Fuhrman’s calculations of nutrient density suffer from three fatal flaws: first, he excludes from these calculations many nutrients known to be essential to the body while doubling the score of other putative nutrients whose physiological functions are uncertain; second, he fails to account for variations in the bioavailability of nutrients between foods; third, he groups all nutrients present in a food into a single score as if they were interchangeable, rather than acknowledging that different types of foods provide different types of nutrients.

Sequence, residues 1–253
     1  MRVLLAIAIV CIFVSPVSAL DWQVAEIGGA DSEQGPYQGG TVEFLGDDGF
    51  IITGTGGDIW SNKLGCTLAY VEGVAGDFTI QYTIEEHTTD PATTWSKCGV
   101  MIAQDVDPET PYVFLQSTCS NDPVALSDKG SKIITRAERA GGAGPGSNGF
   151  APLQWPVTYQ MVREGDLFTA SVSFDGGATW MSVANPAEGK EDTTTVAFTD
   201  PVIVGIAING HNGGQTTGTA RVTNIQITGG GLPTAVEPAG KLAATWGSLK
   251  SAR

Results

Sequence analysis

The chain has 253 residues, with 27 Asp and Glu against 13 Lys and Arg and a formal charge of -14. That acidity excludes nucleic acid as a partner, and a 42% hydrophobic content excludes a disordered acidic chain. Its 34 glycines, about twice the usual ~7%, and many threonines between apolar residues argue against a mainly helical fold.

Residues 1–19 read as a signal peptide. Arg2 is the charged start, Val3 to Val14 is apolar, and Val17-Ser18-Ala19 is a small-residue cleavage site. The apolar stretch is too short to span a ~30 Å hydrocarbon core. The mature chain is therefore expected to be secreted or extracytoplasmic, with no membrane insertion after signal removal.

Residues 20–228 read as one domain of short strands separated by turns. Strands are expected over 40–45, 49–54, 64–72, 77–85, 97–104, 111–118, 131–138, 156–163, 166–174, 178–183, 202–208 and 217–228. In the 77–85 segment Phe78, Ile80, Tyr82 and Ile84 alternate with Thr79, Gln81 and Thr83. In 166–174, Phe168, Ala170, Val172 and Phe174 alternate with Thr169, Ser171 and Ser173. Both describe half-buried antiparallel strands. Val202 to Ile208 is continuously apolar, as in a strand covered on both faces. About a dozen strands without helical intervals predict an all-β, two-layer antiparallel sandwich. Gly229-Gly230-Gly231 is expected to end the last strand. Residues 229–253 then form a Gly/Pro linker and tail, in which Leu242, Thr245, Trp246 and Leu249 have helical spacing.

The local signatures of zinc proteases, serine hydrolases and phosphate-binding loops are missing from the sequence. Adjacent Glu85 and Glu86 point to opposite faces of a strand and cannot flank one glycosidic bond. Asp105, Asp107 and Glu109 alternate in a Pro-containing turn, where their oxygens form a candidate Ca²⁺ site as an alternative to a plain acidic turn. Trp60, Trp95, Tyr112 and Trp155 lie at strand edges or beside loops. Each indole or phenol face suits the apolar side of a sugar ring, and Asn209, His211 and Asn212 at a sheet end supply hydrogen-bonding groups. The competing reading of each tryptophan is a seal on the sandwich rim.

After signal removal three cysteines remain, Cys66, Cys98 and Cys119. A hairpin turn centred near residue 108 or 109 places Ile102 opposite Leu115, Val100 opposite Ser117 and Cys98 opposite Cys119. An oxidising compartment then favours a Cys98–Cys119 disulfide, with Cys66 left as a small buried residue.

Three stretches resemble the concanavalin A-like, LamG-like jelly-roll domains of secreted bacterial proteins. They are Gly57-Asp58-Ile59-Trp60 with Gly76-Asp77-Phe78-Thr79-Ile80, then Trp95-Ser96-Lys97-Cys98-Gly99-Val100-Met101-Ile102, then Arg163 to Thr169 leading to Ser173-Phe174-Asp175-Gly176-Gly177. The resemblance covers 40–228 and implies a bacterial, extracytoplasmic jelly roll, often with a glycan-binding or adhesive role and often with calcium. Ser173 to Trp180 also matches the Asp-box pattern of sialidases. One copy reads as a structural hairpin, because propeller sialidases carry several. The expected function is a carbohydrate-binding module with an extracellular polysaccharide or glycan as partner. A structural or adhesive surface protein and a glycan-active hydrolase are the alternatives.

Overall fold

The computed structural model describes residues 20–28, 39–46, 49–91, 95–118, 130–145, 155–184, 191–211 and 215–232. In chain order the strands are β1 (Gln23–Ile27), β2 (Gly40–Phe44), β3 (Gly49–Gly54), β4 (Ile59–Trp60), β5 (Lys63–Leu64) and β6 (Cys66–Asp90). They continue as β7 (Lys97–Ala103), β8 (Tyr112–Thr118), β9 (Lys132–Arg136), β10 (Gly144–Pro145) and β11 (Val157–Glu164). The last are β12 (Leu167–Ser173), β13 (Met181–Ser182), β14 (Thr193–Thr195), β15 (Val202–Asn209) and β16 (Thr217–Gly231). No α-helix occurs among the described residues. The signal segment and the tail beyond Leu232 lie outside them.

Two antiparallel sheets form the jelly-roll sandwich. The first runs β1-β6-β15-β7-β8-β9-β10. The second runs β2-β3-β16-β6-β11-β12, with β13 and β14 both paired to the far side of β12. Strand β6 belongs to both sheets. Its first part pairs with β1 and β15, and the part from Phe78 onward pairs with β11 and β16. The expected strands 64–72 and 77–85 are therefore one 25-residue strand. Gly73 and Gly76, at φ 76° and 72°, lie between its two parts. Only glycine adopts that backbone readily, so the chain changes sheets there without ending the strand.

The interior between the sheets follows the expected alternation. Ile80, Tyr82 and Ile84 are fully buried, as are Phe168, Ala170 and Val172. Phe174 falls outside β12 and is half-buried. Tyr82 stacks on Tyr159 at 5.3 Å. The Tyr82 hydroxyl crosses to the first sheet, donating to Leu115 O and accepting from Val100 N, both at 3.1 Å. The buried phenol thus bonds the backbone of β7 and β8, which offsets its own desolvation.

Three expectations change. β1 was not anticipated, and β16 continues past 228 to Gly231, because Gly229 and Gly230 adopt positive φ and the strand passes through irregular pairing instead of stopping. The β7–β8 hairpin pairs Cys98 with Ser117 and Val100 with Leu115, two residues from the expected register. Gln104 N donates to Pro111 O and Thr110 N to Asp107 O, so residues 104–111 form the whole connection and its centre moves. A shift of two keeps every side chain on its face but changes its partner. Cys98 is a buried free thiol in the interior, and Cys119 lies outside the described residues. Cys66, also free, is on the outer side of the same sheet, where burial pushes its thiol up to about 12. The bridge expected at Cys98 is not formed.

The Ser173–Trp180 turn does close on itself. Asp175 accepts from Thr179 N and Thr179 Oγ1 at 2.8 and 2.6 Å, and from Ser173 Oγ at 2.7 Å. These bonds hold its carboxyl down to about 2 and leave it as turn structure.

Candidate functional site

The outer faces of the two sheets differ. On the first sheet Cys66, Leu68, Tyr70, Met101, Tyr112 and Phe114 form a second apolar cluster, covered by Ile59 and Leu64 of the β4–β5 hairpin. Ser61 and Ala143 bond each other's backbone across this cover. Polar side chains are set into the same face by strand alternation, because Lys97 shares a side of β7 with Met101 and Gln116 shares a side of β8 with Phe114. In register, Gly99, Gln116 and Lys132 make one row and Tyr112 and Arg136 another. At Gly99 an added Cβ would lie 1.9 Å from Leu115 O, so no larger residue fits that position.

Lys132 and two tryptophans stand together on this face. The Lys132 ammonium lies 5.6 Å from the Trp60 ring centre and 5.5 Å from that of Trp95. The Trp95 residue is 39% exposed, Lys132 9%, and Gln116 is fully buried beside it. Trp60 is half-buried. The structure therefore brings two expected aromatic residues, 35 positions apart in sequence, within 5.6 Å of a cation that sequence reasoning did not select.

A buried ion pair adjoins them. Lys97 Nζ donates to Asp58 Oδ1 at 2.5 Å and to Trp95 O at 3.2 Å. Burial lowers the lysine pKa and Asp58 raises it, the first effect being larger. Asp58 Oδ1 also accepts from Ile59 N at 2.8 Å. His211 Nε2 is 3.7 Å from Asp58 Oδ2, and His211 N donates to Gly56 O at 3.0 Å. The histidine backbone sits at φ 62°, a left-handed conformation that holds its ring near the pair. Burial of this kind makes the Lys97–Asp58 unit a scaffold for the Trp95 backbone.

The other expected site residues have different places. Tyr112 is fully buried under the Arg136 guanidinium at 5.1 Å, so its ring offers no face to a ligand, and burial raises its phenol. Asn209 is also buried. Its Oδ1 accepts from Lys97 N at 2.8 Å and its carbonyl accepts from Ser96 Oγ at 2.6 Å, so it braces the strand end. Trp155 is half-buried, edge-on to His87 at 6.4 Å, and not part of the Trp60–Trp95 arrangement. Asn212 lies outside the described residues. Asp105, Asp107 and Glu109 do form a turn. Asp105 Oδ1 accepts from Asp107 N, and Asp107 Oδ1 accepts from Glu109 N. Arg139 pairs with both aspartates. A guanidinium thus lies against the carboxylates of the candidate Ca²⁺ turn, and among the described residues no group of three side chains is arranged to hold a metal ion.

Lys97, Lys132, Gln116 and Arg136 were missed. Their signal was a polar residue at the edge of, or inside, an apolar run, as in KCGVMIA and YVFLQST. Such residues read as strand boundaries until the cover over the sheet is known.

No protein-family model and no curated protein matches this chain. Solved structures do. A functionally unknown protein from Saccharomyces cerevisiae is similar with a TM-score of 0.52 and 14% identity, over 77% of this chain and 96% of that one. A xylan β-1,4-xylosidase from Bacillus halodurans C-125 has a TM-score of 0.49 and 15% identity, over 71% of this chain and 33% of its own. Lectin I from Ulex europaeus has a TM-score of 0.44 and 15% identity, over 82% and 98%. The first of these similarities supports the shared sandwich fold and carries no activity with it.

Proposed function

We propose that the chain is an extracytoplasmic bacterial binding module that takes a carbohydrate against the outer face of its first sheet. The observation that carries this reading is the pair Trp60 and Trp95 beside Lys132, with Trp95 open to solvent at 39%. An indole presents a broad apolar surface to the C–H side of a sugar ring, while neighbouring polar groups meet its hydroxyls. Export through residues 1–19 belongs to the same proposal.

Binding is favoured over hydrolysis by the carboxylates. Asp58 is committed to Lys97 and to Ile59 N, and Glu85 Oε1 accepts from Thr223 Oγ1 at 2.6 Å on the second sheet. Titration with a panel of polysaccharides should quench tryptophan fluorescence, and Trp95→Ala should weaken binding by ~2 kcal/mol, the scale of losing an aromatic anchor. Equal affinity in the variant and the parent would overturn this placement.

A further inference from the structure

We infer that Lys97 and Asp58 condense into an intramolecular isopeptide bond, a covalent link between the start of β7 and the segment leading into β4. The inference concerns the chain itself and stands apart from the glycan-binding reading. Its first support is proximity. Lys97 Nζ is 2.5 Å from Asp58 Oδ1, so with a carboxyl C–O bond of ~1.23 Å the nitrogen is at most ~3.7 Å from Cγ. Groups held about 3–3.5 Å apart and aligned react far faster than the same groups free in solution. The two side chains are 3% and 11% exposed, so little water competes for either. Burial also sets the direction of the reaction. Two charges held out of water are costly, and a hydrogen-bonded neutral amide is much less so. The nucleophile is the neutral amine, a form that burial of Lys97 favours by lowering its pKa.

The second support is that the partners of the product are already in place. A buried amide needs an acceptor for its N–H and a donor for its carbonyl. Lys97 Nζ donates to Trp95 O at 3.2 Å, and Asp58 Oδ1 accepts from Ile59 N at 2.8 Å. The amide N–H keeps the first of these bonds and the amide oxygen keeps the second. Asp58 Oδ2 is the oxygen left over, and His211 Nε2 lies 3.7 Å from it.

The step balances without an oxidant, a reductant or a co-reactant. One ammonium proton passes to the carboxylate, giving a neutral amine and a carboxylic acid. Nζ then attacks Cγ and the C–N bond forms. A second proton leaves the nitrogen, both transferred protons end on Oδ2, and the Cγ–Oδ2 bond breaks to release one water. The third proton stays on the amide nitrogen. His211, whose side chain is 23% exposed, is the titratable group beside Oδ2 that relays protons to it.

Nutrients are often much more bioavailable from animal foods than they are from plant foods, a fact that Fuhrman’s ranking system does not take into account. The absorption of zinc, for example, is inhibited by phytate and a number of other plant chemicals, while it is stimulated by animal proteins. Absorption of zinc can be five times higher from animal foods than from high-phytate plant foods.9 Calcium is very bioavailable from some plant foods such as kale, broccoli and bok choy,10 but very little is absorbed from foods high in oxalate such as spinach.11 The absorption of fat-soluble vitamins and their precursors such as vitamin K and carotenes can be less than five percent in the absence of fat and still less than twenty percent with added fat.12,13 Pigments such as lutein are twice as available from egg yolks as they are from green vegetables such as spinach.14 As much as 80 percent of vitamin B6 in plant foods may be bound up with other substances that make it unavailable for absorption and use;15 even the portion that is available must be converted into its active form in the liver in a reaction that taxes the supply of vitamin B2.2 Fuhrman’s nutrient density chart would look very different if he adjusted a food’s score according to the bioavailability of the nutrients within it.(2)